Evolving the daily menu

Every day, our customers log on EAT Club to see daily menu, choose their lunches for the day or next 5 days, so that EAT Club has been a part of their lives. How can the daily menu provide them a better experience while they are selecting their meals?

  • Meal Ordering experience

  • On menu user engagement

  • Post ordering and post meal experience

On Menu User Engagement
  • Product team wants to have a place to show users all the social proof, personal data and aggregated data within the company.

  • Marketing team wants to have a place on the menu to delight users.

  • Food team wants to have a variety of banner options to promote dishes.

During one of our customer visits, we asked customers to show us their ordering process, and speak out loud what they were thinking. Almost every single person went through the same process, once they were on the menu, they clicked on the date picker to see what days they have ordered, and what days they haven’t, then go the date that didn’t have the green checkmark.


Instead of hiding in a dropdown, the dates and order status should be exposed on the menu, because that’s the first thing users need to see. I made a quick prototype, along with some quick order / recommendation ideas product managers wanted to throw in and did some user testing, the result I got was valuable.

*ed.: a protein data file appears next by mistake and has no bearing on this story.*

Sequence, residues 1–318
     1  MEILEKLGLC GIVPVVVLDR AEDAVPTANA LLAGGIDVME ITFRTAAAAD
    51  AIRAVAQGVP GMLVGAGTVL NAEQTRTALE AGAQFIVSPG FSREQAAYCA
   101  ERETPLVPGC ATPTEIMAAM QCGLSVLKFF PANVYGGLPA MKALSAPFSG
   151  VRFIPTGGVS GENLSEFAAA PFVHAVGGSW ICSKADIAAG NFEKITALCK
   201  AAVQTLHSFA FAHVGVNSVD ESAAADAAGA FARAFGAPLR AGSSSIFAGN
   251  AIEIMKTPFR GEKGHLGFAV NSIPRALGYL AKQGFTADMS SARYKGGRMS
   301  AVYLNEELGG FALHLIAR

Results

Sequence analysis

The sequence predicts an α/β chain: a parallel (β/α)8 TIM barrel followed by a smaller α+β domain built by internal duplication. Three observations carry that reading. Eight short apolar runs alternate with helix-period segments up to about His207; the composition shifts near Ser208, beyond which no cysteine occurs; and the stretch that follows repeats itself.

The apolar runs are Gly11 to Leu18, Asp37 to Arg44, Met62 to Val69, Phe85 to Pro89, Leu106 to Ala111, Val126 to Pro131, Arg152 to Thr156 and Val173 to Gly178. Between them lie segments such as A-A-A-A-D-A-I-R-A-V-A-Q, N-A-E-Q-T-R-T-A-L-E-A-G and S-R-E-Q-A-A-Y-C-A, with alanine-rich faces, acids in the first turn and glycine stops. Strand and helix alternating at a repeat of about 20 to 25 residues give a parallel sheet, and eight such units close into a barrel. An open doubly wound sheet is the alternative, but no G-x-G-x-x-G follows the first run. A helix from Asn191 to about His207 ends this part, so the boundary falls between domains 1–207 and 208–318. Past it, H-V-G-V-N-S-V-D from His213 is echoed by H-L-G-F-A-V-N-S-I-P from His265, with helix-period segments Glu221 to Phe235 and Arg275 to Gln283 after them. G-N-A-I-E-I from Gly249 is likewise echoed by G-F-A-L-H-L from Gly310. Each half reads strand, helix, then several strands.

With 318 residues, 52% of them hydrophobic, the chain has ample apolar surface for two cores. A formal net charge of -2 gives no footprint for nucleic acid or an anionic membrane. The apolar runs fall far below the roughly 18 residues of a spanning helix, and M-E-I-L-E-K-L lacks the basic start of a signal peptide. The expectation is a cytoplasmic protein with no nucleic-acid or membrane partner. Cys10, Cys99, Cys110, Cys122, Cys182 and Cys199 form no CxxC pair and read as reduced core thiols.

1st Iteration

“I tried to click on the date, but I ended up going to the dish detail modal.”

“I wanted to go to Thursday’s menu, but I canceled my meal instead.”


Huge problem of cramped date selector / navigation, where in one container 3 rows of texts go to 3 different places. We immediately got rid of the unnecessary stuff, cleaned it up. After several iterations of visual exploration, the final as follows.


Meal Ordering Experience

An easy ordering process is the foremost. We ensure our customers have all the information they need to order their lunch, including photos, descriptions, ratings, reviews,  dish tags / sort, allergens, nutritions. But the biggest challenge was to encourage users to order earlier, which would give them more variety of dishes, and also help our food team to forecast and manage waste.

In order to encourage users to order earlier, we added the infinite scroll to the menu so that users can just scroll through all future 5 days of menu. The feedback from the user testing of this feature was like “Oh cool, I can just scroll to all 5 days of menus right?!”, we implemented it and had some tweaks around scroll jacking, blurring the next menu when you reach the end of current menu, etc.

One month after the release, product manager sent out an email to 100 random users to ask their feedback regarding the improved menu experience. Almost everyone liked the date nav / order status / quick cancel feature on the left of the menu, but disliked the infinite scroll, because they got lost after scrolling back and forth, along with some technical issue of menu loading.


Lesson learned for us that some features cannot be tested through clicking around a prototype, it requires an implemented product that can be released to a small set of users for real feedback.

My stats

User Voting

Social Proof

Documentation for Menu Banners

Redesigning EAT Club App